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By Gielie Fourie*
INTRODUCTION: Warren Buffett, CEO of Berkshire Hathaway, describes himself as 85% Benjamin Graham and 15% Phil Fisher. He has often said that they were the two people who have had the most influence on his investing style. Who are Benjamin Graham and Phil Fisher? In what regard is Buffett 15% Phil Fisher, and would it be wise for us to emulate Buffett?
BENJAMIN GRAHAM: Graham (1894 – 1976) is known as the “Father of Value Investing” and was the mentor of Warren Buffett. Buffett knew Graham very well. Graham’s book, The Intelligent Investor, is described as the definitive book on value investing. It is regarded as the stock market bible ever since its original publication in 1949. According to Buffett it is the best book on investing ever written, and chapter 8 of the book is the best essay on investing ever written.
PHIL FISHER: Fisher (1907 – 2004) is lesser known. He authored the book, Common Stocks and Uncommon Profits, in 1958. Buffett met Fisher only once, but Fisher had an enormous impact on Buffett’s investment style. Fisher was one of the early proponents of the growth investing strategy. Warren Buffett said of Fisher: “I sought out Phil Fisher after reading his book. I am an eager reader of whatever Phil has to say, and I recommend him to you. Using Phil’s techniques enables one to make intelligent investment commitments.”
CHARLIE MUNGER: It was Charlie Munger, vice chairperson of Berkshire Hathaway, who really liked Fisher’s style, and he preached the Fisher doctrine to Buffett. Buffett explains: “I met Charlie in 1959, and Charlie was sort of preaching the Fisher doctrine to me. So, I was sort of getting it from both sides (a combination of value investing and growth investing). It made a lot of sense to me. Fisher’s basic investment style was to invest in a small number of companies with tremendous outlooks and do nothing.” This is how the mixture of the investment styles of Graham and Fisher (value investing and growth investing) developed. Charlie Munger coined the catchphrase: “It’s far better to buy a wonderful company at a fair price than a fair company at a wonderful price.”
VALUE AND GROWTH INVESTING: Deep value investing is based on Graham’s theory of Margin of Safety. Margin of safety is a principle of investing in which an investor only purchases securities when their market price is significantly below their net asset value (NAV). In other words, when the market price of a security is significantly below your estimation of its NAV, the difference is the margin of safety. Cigar Butt investing is similar. You buy a company that is ridiculously cheap, but you think there is one good puff left in it. Buffett commented: “Though the stub might be ugly and soggy the bargain purchase would make the puff all free.” Value investing suggests that you buy low and sell high, but these companies normally needed to be turned around. They required too much time, energy and resources. Buffett discarded this strategy. Following Fisher’s advice, Buffett gave more attention to growth potential, and management. He favoured buying a wonderful company at a fair price and then holding it for a long time. “If you don’t feel comfortable owning a stock for 10 years, you shouldn’t own it for 10 minutes”. Graham would hold a stock for a year or two.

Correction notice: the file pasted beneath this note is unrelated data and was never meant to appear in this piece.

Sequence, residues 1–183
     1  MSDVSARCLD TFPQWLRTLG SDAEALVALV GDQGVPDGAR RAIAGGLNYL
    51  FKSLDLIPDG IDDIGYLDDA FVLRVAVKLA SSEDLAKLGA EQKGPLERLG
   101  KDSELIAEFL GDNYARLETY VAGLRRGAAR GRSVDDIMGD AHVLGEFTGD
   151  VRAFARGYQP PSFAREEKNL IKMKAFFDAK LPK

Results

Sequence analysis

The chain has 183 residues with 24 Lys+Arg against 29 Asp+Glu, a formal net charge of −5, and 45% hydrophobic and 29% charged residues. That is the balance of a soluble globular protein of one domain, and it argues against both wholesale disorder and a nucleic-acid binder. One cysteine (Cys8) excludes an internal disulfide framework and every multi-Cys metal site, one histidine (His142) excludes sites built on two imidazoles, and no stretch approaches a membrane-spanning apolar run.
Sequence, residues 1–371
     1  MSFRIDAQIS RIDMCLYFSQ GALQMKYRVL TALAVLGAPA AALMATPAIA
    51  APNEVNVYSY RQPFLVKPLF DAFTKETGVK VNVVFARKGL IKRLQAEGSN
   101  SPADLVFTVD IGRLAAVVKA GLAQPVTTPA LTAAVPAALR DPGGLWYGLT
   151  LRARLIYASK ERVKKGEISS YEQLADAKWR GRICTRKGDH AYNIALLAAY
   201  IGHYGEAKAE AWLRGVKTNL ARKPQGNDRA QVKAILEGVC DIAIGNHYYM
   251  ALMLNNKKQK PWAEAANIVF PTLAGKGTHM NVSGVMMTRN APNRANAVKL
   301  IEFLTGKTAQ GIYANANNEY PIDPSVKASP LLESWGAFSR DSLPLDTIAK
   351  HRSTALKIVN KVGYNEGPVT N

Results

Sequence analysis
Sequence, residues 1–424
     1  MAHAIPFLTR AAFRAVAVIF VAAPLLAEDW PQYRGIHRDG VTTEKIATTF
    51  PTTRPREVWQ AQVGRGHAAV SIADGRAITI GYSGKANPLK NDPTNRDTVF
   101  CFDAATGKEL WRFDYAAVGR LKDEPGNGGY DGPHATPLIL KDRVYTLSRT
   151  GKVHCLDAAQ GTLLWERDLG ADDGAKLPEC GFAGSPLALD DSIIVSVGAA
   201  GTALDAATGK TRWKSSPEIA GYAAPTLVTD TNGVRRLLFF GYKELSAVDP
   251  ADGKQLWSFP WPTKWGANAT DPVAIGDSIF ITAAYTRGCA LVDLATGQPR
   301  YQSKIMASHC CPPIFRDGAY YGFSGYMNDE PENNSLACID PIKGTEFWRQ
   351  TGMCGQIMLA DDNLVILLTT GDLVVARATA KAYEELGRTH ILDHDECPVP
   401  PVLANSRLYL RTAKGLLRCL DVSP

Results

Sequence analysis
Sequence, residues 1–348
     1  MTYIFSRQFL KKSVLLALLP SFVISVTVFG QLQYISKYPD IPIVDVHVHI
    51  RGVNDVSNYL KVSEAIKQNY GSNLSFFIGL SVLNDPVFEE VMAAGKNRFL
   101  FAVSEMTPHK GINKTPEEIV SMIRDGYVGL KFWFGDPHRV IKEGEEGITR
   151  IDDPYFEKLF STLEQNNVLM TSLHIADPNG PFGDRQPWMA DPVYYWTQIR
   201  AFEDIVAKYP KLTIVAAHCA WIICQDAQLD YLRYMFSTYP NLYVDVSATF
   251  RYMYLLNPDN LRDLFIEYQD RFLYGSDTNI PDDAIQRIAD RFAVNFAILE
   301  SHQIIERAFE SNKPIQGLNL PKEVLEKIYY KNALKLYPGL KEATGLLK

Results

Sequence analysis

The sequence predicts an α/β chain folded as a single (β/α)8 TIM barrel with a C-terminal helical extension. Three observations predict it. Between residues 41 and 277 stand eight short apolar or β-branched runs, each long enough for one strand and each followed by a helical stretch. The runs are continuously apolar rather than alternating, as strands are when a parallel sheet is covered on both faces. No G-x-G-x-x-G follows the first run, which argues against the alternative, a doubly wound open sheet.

DISCOUNT TO NET ASSET VALUE (NAV) VS GROWTH: Fisher wrote: “The reason why growth stocks do so much better is that they seem to show gains in value in the hundreds of percent each decade. The cumulative effect of this simple arithmetic should be obvious. In what other line of activity could you put $10,000 in one year and ten years later…be able to have an asset worth from $40,000 to $150,000? In contrast, it is an unusual bargain that is as much as 50% undervalued.” Fisher’s strategy was to accept less on the value side and more on the growth side. In other words, rather buy a stock trading at 0.6x of its NAV than one trading at 0.4x of its NAV if you think the former stock is going to grow at 6% or more per year while the second stock will grow at 4% per year.
BOTTOM LINE: A strict Benjamin Graham value strategy, of buying a stock trading at the sharpest discount to NAV with no heed to whether it is expected to grow and selling it after a year, worked well during the Great Depression. Over time, Buffett gravitated towards lower maintenance stocks. He combined Graham’s ideas with Phil Fisher’s strategy of investing in a small number of companies with tremendous outlooks and keeping them for the long run with minimal interference. Aside from the fact that following Graham’s strategy subjects you to more taxable events and can keep you very busy, value investing is not nearly as self-propelling as buy-and-hold growth stocks. Stocks like Reinet, Remgro, Old Mutual and Growthpoint are good examples of stocks that you can buy-and-hold. They trade at discounts to their NAVs, but they also have good growth potential and good management. If you are interested in investing, contact one of our highly qualified consultants for a consultation.
*Gielie Fourie, Research and Analysis, Director, Overberg Asset Management.
- All writers’ opinions are their own and do not constitute investment recommendations or financial advice. Speaking to a qualified wealth and investment professional is crucial before making financial decisions.
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